NASA Satellite Measures Massive Migration Of Ocean Animals (Photo Credit: NASA/Timothy Marvel)
Using a space-based satellite, the National Aeronautics and Space Administration (NASA) tracked the largest animal migration on Earth to find clues to potential climate change. Through the study, NASA was able to identify how the migration directly affects global warming.
In a bid to monitor the migration of small ocean animals including squid and krill, the US space agency used Cloud-Aerosol Lidar and Infrared Pathfinder Satellite Observations (CALIPSO) satellite. The satellite was used by the researchers every 16 days for a span of 10 years. The study has been published findings in the journal Nature.
Diel Vertical Migration
Through the data collected by CALIPSO satellite, the researchers were able to keep track of the animals' Diel Vertical Migration (DVM), which is a natural phenomenon that occurs daily when the sea creatures swim up to the surface from the bottom of the ocean to feed on phytoplankton near the surface. Since almost all small ocean creatures participate in DVM, scientists considered it the largest migration of animals on Earth. Researchers noted that they were only able to observe this phenomenon at such a large scale through CALIPSO.
“This is the latest study to demonstrate something that came as a surprise to many: that lidars have the sensitivity to provide scientifically useful ocean measurements from space,” said Chris Hostetler, a scientist at NASA's Langley Research Center in Hampton, Virginia, and co-author on the study. "I think we are just scratching the surface of exciting new ocean science that can be accomplished with lidar.”
The cumulative effect of daily vertically migrating creatures on Earth's climate is significant. During the day, ocean phytoplankton photosynthesize and, in the process, absorb significant amounts of carbon dioxide, which contributes to the ocean's ability to absorb the greenhouse gas from the atmosphere. Animals that undergo DVM come up to the surface to feed on phytoplankton near the ocean’s surface and then swim back down, taking the phytoplankton carbon with them. Much of this carbon is then defecated at depths where it is effectively trapped deep in the ocean, preventing its release back into the atmosphere.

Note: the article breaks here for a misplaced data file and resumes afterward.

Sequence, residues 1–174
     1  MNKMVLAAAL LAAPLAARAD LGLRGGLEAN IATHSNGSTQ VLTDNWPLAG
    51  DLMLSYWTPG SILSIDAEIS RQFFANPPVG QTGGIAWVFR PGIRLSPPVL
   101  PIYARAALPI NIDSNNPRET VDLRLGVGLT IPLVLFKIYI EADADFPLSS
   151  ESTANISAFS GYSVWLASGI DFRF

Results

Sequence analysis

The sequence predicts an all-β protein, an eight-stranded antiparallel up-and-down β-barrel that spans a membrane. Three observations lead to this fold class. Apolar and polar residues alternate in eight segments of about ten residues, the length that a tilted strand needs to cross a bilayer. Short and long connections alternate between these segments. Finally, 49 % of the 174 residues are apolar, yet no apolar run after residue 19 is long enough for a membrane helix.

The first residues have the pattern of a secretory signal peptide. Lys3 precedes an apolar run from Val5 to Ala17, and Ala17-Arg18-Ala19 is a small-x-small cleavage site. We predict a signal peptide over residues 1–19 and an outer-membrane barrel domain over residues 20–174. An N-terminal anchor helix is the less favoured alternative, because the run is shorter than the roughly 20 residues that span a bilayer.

Reducing Carbon Dioxide in Ocean
Through their observations, the researchers learned that phytoplankton contribute to the ocean's ability to absorb carbon dioxide by photosynthesizing near the surface. This increases the amount of greenhouse gases absorbed by the ocean from the atmosphere.
Through DVM, the small animals take away the carbon on the surface by consuming the phytoplankton, which is then released into the bottom of the ocean as waste. The researchers noted that this process prevents carbon dioxide from returning to the atmosphere.
How DVM can slow down Global Warming
With lesser carbon dioxide in the atmosphere, Earth is able to experience cooler climates. The researchers noted that since the DVM is such a big phenomenon, it greatly contributes in slowing down the onset of global warming.
"What these modelers haven't had is a global dataset to calibrate these models with, to tell them where these migrators are most important, where they're most abundant, and how they change over time," said Behrenfeld.
"The new satellite data give us an opportunity to combine satellite observations with the models and do a better job quantifying the impact of this enormous animal migration on Earth’s carbon cycle," he added.
It is worth mentioning here that the Cloud-Aerosol Lidar and Infrared Pathfinder Satellite Observations (CALIPSO) satellite is a joint venture between NASA and the French space agency, Centre National d'Etudes Spatiales. It was launched in 2006.